Learn How to Stop Ice Dams to Avoid Damage to Your Roof, Gutters and Home!
What you’re seeing is called an ice dam. These icy buildups can harm the integrity of your roof and hurt the inside of your home.
As a homeowner, you want to protect your home and prevent any damage from happening. So, you’re probably wondering, how do you stop ice dams?
We can help! Keep reading to learn what an ice dam is, how they damage your home and how to stop ice dams.
What is an Ice Dam?
An ice dam is a barrier of ice that accumulates on your roof and gutters. Unfortunately, ice dams are very common throughout the Midwest region, especially for old, poorly insulated houses.
How Ice Dams Form
Ice dams form because of heat trapped under the roof, usually in the attic. If the temperature of your roof is 32 degrees Fahrenheit or higher, snow will melt on your roof.
Heat can get trapped in your attic in a couple of ways:
- Little to no insulation allows heat to escape in the attic.
- The attic lacks ventilation, keeping the heat trapped.
Once this melted snow gets to the colder edge of your roof, it refreezes. As water continues to melt and refreeze, it builds a dam.
Unfortunately, this buildup prevents melted water from draining off your roof. So, the water has no place to go except under your shingles and into your home.
Facts About Ice Dams
According to the IceDamGuys, one inch of snow can be enough for an ice dam to form. This is very rare, but under the right conditions, it could happen. You should be more concerned when you get six or more inches of snow. It also takes about 24 hours minimum for an ice dam to form.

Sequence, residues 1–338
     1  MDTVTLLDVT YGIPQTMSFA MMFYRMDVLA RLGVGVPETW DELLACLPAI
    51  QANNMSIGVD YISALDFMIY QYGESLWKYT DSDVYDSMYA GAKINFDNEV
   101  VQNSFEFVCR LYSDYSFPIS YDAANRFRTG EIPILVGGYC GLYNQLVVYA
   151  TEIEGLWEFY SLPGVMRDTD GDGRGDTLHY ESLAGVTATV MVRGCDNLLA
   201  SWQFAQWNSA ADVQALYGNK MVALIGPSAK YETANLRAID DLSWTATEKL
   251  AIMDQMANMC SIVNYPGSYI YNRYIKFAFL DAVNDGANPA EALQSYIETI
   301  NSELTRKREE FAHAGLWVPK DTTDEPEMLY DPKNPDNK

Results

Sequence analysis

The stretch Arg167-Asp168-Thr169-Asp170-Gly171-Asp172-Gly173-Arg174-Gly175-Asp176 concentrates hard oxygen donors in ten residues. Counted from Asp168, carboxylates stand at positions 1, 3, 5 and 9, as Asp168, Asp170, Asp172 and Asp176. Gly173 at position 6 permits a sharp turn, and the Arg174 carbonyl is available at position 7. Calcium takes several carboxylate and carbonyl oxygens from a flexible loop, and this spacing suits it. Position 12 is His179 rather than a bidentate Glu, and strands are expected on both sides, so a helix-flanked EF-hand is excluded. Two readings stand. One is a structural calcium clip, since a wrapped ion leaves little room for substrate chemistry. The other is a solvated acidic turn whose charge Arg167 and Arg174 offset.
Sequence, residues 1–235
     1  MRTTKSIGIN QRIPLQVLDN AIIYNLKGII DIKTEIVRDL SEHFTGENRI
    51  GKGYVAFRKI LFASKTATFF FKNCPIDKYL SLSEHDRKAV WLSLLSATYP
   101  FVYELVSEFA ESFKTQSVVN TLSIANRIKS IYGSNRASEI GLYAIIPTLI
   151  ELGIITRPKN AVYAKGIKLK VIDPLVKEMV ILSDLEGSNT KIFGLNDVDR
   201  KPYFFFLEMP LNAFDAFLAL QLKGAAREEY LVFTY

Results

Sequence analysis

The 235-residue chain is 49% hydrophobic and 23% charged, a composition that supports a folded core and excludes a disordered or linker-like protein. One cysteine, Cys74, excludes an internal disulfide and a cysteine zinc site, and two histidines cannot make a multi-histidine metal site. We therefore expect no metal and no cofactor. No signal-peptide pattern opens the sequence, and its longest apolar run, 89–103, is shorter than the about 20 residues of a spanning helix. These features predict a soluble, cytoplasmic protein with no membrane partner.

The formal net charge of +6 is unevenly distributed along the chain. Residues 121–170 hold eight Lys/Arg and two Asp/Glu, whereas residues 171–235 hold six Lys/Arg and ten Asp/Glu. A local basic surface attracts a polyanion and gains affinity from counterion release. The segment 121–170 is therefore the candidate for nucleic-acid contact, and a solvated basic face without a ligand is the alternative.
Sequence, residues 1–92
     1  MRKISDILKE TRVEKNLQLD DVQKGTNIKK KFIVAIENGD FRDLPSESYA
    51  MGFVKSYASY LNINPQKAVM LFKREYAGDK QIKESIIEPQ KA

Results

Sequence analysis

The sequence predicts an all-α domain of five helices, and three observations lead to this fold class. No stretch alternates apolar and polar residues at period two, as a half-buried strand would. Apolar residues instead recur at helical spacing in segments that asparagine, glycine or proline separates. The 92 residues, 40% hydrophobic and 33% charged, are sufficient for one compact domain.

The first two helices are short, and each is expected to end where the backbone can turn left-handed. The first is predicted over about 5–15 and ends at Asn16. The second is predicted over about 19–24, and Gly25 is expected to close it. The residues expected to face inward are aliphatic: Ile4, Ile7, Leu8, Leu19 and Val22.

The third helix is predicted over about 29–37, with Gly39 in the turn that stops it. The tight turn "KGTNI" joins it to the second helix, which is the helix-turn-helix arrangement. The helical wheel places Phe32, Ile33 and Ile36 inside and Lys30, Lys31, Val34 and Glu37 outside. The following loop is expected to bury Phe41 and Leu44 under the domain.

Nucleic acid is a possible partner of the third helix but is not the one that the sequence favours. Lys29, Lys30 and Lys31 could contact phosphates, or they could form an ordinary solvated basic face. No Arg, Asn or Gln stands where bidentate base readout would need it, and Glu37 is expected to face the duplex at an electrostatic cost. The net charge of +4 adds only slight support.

Ice dams are a lot bigger than you might think. On average, they usually grow to 4-6 inches thick. However, they can get even thicker and weigh up to hundreds or even thousands of pounds! The bigger the icicle, the bigger chance it will cause you problems.
What Kinds of Damage Can Ice Dams Cause?
Ice dams can damage your home, both inside and out. And ice dam damage isn’t cheap to repair. So, it’s better to pay money to remove one than it is to repair accidents caused by one.
Let’s look at the ways ice dams can damage your home both outside and in:
The weight of ice dams usually gets up to thousands of pounds. It’s hard to believe that it can weigh that much, but it’s true! Now imagine all that weight hanging off your gutters. The ice can pull your gutters right off your house!
Ice dams can also loosen and damage your shingles by lifting them and letting water get underneath. Continuous deterioration of your shingles can also cause more leaks and flooding inside of your home.
The most common type of indoor damage from ice dams is flooding. This happens when collected water can’t drain. Instead, it flows under your shingles and into your home.
Flooding can happen in your attic or throughout your house. Unfortunately, flooding can cause many things to go awry in your home, like:
- Drywall damage
- Mold and mildew growth
- Peeling paint
- Soaked carpets
- Warped floors
- Stained or sagging ceilings
It’s important to learn how to stop ice dams so that these things don’t happen in your home. Keep reading to learn how to get rid of them if you already have one and how to prevent them from happening.
How to Get Rid of Ice Dams
If you currently have an ice dam on your roof, it’s important to remove it as quickly as possible. However, do not get on your roof! It’s extremely dangerous, especially when there is ice involved.
Here are some tips for safely removing ice dams without having to get on top of your house:
Rake Snow Off Roof
One of the quickest ways to get rid of an ice dam is to remove snow from your roof. You’ll want to pull the snow off with a long roof rake while standing on the ground. If you already have an ice dam, removing the snow will prevent it from growing and help to make a path for melted water to drain.
Chill Your Roof